Workplace Self-Care: Knowing the Five Love Languages Can Make You a Better Manager

Feeling thankful and showing appreciation feels good, and it also translates into better relationships. Knowing your colleagues’ love languages can help you tailor your appreciation in a way that speaks to them.


Love Languages

  1. Words of Affirmation: Use your words to show appreciation for your colleague or staff and be specific in your praise - either verbally or by writing a thank you card. “The gala you worked on for 6 months was beautiful, and you raised over $500k in one night. Thank you so much for your hard work - the extra funds will mean that we can provide more services for our clients.”

  2. Gift: We’re talking inexpensive and appropriate gifts. It might be as simple as getting them coffee or buying souvenirs while you’re on vacation. Just watch out for two things: 1) don’t show favoritism (so if you’re buying individual souvenirs, make sure you bring something back for everyone) and 2) check if your non-profit has a gift giving policy between employees.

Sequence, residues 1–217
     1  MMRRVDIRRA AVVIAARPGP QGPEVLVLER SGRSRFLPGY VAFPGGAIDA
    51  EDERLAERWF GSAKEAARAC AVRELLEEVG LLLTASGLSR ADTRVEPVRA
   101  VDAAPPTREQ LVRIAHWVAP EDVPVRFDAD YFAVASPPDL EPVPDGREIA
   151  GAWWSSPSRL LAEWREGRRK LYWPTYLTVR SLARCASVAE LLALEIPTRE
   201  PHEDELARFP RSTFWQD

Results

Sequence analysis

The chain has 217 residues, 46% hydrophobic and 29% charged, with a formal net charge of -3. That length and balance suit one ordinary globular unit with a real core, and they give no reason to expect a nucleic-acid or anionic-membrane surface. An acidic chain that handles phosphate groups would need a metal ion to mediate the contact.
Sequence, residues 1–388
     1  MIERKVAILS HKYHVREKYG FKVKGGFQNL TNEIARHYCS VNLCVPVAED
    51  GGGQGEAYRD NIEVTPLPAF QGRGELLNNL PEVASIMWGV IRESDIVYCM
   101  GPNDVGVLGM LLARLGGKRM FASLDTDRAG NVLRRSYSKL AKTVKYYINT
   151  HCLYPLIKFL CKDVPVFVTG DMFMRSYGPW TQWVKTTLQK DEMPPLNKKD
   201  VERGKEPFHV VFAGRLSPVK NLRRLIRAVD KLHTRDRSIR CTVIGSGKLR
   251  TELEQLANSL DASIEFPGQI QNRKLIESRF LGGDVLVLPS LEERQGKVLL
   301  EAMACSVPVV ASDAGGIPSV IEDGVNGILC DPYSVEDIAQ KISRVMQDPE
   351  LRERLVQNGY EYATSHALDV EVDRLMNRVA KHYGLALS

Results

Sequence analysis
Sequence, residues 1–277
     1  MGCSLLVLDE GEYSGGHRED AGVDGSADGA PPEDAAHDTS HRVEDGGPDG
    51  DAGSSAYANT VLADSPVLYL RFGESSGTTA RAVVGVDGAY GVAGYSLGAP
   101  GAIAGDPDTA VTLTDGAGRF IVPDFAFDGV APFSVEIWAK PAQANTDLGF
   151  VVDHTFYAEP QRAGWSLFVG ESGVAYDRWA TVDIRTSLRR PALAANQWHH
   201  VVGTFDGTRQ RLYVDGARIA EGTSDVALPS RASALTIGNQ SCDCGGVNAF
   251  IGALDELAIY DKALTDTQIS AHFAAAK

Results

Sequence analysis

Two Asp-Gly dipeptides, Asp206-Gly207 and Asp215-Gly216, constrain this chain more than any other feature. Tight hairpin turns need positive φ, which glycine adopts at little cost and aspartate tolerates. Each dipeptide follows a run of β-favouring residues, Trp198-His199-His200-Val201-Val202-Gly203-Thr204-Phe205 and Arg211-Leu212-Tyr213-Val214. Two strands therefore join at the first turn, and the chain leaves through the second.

3. Acts of Service: The best bosses are those who roll up their sleeves and aren’t afraid to do the dirty work alongside their staff. I once helped my program director shovel a dead rat outside our womxn’s shelter. It wasn’t fun, and I didn’t want to do it (which she knew) but it was a way of showing that we’re all part of the same team.

  4. Quality Time: Most of us have regular meetings with our direct reports. Quality time is about the quality of time you’re spending with them (not the length of time). For example, that might include giving them your undivided attention, putting your phone on silent (and out of reach) and practicing active listening.

  5. Physical Touch: This is a tough one. I mean, is this even appropriate in the workplace? Let’s be clear - physical touch does not give anyone the right to touch someone else without their permission (and it certainly does not mean that sexual harassment is okay). You should always ask permission before touching (this includes hugging!). For some, expressing physical touch in the office could mean giving high-fives, a quick handshake, or a hug when you get that $50k grant!

Don’t know your colleague’s love language? Simply ask, or notice their behavior. Most people express themselves in that same language that they have. Make it a point to get to know each of your colleague’s love languages. And if you’re looking to discover your own language, here’s an assessment you can take!

So go out and express your appreciation today!